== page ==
A hundred years on, it’s hard to summarize what the demise of vaudeville meant to entertainers, audiences, and early 20th century pop culture. Many vaudevillians, Keaton and Chaplin among them transitioned into silent pictures; others vanished as if they had never been. Part of vaudeville’s freedom was its impermanence: the show is in town for three nights and that’s it. But vaudeville troupes were also nomadic, roaming from town to town, picking up acts in one town and dropping them in another. Freedom via restless performing.
Stephanie Allen’s debut novel, Tonic and Balm, concerns itself with a medicine show traveling in Pennsylvania during the summer of 1919. The element that distinguishes this show from vaudeville is the sale of dubiously manufactured substances hawked by the show’s mastermind, Doc Bell. Other acts (acrobats, bawdy song-and-dance, comedy) are the same. The novel is a loose collection of stories, each narrated by different characters in the show: a banjo player and his hardened wife, a queer sword-swallower and her Daisy Buchanan-like girlfriend, a disgraced and drunken physician, and—centrally—a young hydrocephalic woman billed as “Sheba, Queen of the Nile.”
This woman, Antoinette, declines in health in tandem with the medicine show’s fortunes. Fewer and fewer people are fooled by Doc Bell’s patter, and the disappearance of a guitar player, Haines, early in the novel causes an emotional fissure among the troupe that nothing can remedy. As the show loses money and fades toward its end, so too does Antoinette, her breath and strength waning. Each story pushes the summer of 1919 along a little further. Allen cleverly marks time with the ripening corn in fields near where the medicine show sets up its tents as well as with Antoinette’s worsening health.
Despite the linear nature of time in the book, the stories feel circular, networked. The towns and nights blur together. Sometimes the show is pretty good, and other times it’s pretty bad, but it’s always the same show. “Same route every season, even when the War was on. Same little towns that seen his show every year for ten or twenty running but hardly got another thing to look forward to.” This sense of repetition is not wearying for the reader, but it deftly communicates the characters’ weariness.
A novel like this is about the people in it, and the multivocal narration of the troupe makes the book resemble its subject. Each new story is another act, another performer. But it’s a deeply sad book, full of heartbreak and injustice. Significantly, Antoinette and the vanished guitar player are both black, and the racism they face is subtle but ever-present, breaking out of subtext only a few times. As an elderly banjo player narrates, “It was like Haines went up in smoke. Except Fleet knew the kinds of goings-on that were happening… In Washington, D.C., they dragged people off trolley cars and set fire to houses with children in them. Jails torn open, colored men chased down like dogs, mobs tearing people to bits.” This is one of the only passages that speaks specifically to what people of color faced, even north of the Mason-Dixon line, in the early 20th century. Otherwise, Allen’s work takes place at eye level, between people, not between societal forces.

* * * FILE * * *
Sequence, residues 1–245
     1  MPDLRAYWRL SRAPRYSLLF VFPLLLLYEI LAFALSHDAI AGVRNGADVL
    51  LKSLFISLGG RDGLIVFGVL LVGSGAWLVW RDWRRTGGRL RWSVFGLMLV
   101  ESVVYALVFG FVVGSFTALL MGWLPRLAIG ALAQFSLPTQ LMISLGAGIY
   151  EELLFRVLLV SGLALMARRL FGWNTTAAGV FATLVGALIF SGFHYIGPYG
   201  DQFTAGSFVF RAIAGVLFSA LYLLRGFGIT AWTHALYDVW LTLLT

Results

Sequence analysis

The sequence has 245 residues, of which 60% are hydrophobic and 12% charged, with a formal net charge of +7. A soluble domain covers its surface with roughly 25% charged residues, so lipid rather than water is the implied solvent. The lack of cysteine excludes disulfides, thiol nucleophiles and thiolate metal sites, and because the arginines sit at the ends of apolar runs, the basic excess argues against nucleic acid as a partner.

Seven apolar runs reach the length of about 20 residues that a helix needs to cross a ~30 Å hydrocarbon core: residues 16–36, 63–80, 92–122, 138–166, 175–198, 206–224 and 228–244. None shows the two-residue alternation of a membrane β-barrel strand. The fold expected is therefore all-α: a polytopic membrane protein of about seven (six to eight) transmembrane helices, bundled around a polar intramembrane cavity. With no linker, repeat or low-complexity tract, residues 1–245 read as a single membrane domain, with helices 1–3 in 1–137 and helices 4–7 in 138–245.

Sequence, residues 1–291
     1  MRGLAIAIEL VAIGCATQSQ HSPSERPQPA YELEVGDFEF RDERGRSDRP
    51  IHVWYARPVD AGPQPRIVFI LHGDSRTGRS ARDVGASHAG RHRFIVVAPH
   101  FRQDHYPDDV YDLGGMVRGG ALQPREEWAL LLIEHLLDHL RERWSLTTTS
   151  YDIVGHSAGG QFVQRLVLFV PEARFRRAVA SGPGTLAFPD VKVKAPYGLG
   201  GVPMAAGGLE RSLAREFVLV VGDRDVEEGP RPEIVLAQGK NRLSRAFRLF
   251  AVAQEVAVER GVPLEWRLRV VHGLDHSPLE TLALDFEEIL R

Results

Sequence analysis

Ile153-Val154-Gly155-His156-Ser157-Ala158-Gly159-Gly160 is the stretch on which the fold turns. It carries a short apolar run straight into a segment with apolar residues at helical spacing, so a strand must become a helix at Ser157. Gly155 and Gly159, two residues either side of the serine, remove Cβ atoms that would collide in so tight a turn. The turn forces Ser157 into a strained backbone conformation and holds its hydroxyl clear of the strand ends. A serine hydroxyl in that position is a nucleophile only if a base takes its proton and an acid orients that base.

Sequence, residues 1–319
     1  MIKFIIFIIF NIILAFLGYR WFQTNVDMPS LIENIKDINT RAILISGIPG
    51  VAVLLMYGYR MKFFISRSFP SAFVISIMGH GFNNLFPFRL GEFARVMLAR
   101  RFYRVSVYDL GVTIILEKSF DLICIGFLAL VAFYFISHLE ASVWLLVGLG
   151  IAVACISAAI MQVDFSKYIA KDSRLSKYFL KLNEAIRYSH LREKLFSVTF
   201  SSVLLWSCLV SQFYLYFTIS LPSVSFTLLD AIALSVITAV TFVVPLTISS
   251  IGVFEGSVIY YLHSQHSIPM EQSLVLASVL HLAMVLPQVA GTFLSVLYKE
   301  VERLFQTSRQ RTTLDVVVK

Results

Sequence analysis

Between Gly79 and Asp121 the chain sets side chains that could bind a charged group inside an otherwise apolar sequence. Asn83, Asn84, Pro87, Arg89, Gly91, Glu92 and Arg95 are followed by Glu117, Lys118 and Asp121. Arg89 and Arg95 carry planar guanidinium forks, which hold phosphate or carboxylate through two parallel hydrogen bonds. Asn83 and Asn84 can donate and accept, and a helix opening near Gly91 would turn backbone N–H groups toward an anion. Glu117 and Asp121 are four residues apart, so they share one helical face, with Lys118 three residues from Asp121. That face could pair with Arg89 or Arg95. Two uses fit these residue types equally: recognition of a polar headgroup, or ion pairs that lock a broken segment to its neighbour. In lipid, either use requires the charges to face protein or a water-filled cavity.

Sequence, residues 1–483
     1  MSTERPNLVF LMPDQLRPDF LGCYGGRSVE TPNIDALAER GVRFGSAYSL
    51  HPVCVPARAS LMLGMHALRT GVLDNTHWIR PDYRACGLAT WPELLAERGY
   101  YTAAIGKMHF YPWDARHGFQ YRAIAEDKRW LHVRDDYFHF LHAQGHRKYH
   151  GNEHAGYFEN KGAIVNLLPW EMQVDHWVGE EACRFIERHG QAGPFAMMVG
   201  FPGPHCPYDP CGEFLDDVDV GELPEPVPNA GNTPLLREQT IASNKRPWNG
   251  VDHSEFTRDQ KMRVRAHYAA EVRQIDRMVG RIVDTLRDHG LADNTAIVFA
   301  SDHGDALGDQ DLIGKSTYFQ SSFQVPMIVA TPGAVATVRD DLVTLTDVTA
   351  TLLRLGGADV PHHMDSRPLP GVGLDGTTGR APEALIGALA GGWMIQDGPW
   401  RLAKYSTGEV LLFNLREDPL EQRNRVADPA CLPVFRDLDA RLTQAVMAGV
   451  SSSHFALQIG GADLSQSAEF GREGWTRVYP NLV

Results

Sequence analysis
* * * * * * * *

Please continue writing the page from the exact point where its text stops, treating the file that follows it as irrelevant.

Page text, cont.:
She’s also a wonderful writer at the sentence level, as with this detail about Lily, a ticket-seller, being called “ma’am” for the first time: “She walks along the shoulder, handling the word in her mouth, till she tires of it, ridiculous as it is, and spits it in the grass.” Allen communicates odd, middle-ground emotions effectively, such as a teenager’s non-lecherous curiosity about Antoinette: “He would like to touch [her head], not in the groping way the spectators in the tent want to, but to know about it. She is like nobody he has ever met before.” Antoinette is a difficult character to communicate, but the novel still revolves around her effectively.
Doc Bell’s Miracles and Mirth Medicine Show is a collection of the unwanted, for one reason or another. It’s the misfits who create circus acts and vaudeville, the people with weird talents and skills not suited to any workplace. The decline of the medicine show in Tonic and Balm means that these characters have to find somewhere else to go, some other way to make a home and a living. Perhaps that’s not a bad thing, as the show isn’t really healthy for any of its performers, and certainly not for its “medicine”-buying audience. But the book still treats the more general turn of entertainment toward recorded, non-nomadic forms as a sorrow. It’s an unusual book on an unusual topic, and a fine fictional chronicle of a lost art.
Publisher: Shade Mountain Press
Publication date: February 5, 2019
Reviewed by Katharine Coldiron